The NFL has threatened four players, including Steelers linebacker James Harrison, with suspensions if they don't they don't cooperate with the league's investigation into allegations that they all received performance-enhancing drugs from the Guyer Institute in Indiana.

Last month, Harrison said in an affidavit sent to the NFL by the NFL Players Association that he never violated the league's policy on performance-enhancing drugs, nor has he met the man who alleged to Al Jazeera America that he supplied Harrison with an illegal substance. Harrison has said previously that NFL commissioner Roger Goodell will have to come to his house to interview him, adding that the league must show "credible evidence that warrants an interview."

He extended the invitation again on Tuesday.

"I don't have a problem doing the interview. Come to my house. Bring Roger (Goodell) with you," Harrison said, via

But here's the thing: The league doesn't have to show "credible evidence." That's due in part to the collective bargaining agreement, on which the players signed off before the 2011 season.

And now, Harrison is between a rock and a hard place; he can submit to the interview, but that will set a dangerous precedent, as's Kevin Seifert eloquently describes. "If someone, anyone, makes a public allegation, substantiated or otherwise, recanted or supported, of possible improper conduct, the player must submit to an investigation on the league's terms or face suspension," Seifert writes.

Or Harrison can refuse to be interviewed and be suspended indefinitely.

"If that's the case, then somebody could come out and say James Harrison is a pedophile," Harrison said in response to a question about why he doesn't get the interview over with if he has nothing to hide. "They are going to suspend me, put me under investigation for being a pedophile just because somebody said it? I'm not going to answer questions for every little thing some Tom, Dick and Harry comes up with."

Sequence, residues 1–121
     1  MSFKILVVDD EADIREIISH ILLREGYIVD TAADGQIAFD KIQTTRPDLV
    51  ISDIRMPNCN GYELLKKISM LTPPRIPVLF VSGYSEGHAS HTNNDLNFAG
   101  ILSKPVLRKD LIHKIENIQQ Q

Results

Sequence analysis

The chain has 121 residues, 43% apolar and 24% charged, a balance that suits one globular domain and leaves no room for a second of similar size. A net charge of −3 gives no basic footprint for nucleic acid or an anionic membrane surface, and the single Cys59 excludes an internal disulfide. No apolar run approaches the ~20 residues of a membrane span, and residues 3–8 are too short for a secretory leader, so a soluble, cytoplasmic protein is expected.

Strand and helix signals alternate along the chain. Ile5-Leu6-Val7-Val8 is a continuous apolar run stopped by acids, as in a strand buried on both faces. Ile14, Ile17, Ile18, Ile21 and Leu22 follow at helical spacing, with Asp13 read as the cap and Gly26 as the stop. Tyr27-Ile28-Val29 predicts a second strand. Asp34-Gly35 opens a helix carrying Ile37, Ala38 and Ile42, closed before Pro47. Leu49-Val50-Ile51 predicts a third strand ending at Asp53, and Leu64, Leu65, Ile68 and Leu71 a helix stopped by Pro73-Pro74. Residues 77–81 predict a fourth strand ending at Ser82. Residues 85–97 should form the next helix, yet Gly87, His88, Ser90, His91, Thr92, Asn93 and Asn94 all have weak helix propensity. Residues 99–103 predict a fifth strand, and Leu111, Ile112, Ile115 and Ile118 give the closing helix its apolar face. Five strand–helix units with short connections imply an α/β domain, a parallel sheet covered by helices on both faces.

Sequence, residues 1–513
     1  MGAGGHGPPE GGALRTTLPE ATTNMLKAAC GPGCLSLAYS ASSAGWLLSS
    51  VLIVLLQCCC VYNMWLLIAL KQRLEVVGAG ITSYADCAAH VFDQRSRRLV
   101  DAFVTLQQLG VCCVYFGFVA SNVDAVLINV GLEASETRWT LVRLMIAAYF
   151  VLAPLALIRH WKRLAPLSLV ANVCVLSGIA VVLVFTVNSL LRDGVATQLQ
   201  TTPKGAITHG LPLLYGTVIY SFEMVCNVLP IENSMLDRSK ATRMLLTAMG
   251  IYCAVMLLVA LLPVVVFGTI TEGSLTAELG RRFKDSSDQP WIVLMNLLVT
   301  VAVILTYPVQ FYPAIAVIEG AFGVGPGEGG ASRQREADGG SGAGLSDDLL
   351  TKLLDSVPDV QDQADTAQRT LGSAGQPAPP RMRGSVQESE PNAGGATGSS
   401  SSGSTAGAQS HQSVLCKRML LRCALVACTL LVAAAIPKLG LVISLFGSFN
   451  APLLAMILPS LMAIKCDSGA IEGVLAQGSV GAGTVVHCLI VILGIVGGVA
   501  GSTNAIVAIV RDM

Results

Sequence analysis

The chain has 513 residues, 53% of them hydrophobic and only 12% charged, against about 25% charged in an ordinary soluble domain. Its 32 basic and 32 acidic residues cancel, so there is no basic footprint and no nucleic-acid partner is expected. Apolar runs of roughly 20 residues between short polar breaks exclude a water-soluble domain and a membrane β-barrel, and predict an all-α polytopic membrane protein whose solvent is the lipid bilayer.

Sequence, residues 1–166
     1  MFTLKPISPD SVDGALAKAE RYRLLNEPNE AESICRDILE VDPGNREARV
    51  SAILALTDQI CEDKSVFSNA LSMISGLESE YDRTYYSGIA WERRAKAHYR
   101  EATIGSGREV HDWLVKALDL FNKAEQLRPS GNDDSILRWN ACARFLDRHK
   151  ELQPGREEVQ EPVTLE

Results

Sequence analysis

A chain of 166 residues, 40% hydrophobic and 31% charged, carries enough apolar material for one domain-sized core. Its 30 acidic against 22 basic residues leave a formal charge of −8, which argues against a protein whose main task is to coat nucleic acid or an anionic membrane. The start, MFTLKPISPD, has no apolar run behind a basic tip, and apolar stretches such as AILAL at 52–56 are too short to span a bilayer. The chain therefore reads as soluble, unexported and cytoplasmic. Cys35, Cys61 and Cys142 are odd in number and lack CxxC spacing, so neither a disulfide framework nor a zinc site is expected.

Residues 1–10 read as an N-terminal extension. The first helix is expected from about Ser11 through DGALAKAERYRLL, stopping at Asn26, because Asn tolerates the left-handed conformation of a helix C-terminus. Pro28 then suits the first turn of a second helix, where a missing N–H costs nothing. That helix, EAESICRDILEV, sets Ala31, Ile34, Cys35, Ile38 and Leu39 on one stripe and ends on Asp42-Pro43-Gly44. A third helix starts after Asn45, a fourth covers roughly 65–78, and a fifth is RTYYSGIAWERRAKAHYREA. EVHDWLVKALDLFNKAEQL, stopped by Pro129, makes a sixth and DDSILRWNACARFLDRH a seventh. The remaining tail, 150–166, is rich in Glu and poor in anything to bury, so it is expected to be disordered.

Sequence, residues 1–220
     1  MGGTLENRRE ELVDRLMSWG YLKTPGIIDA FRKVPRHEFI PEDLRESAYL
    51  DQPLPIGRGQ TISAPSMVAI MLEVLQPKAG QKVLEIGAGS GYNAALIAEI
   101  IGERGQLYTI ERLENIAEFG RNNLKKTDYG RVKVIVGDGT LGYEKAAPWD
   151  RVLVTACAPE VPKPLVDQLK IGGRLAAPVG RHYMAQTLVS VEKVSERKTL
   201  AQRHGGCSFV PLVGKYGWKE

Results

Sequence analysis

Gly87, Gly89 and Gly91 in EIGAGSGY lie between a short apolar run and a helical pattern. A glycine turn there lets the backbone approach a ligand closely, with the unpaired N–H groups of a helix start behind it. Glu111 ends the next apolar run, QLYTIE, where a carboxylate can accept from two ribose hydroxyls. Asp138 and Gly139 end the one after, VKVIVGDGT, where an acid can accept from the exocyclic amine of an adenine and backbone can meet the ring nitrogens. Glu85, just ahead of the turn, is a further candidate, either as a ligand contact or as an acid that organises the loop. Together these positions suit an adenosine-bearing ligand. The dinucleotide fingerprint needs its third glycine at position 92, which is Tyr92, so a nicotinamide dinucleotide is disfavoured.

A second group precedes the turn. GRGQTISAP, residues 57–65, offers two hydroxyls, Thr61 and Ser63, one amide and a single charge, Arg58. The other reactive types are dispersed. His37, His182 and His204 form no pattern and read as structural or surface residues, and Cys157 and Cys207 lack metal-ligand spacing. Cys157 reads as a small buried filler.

So is the 38-year-old linebacker prepared to sit out?

"Definitely," he said, adding, "I'll do what I have to do. They'll do what they have to do. We'll make that decision when that time comes. ... I just am doing what I'm advised to do (by the NFLPA). It's the right thing to do."

Steelers coach Mike Tomlin said that he isn't advising Harrison, though Harrison concedes that the team could factor into his decision.

"I'm sure it would lean me in that direction because I don't want to let my teammates down," Harrison said. "I don't want to let the organization down. We'll deal with that when the time comes."

Charlie Sly is the source for the Al Jazeera America report that implicated Harrison and three other active players -- Packers linebackers Clay Matthews and Julius Peppers, and free agent Mike Neal -- as well as recently retired Peyton Manning. Sly since recanted his account -- and Al Jazeera America has gone out of business -- and because of that, the NFLPA argues that the players shouldn't have to discuss the matter with the league.

The league, obviously, doesn't agree.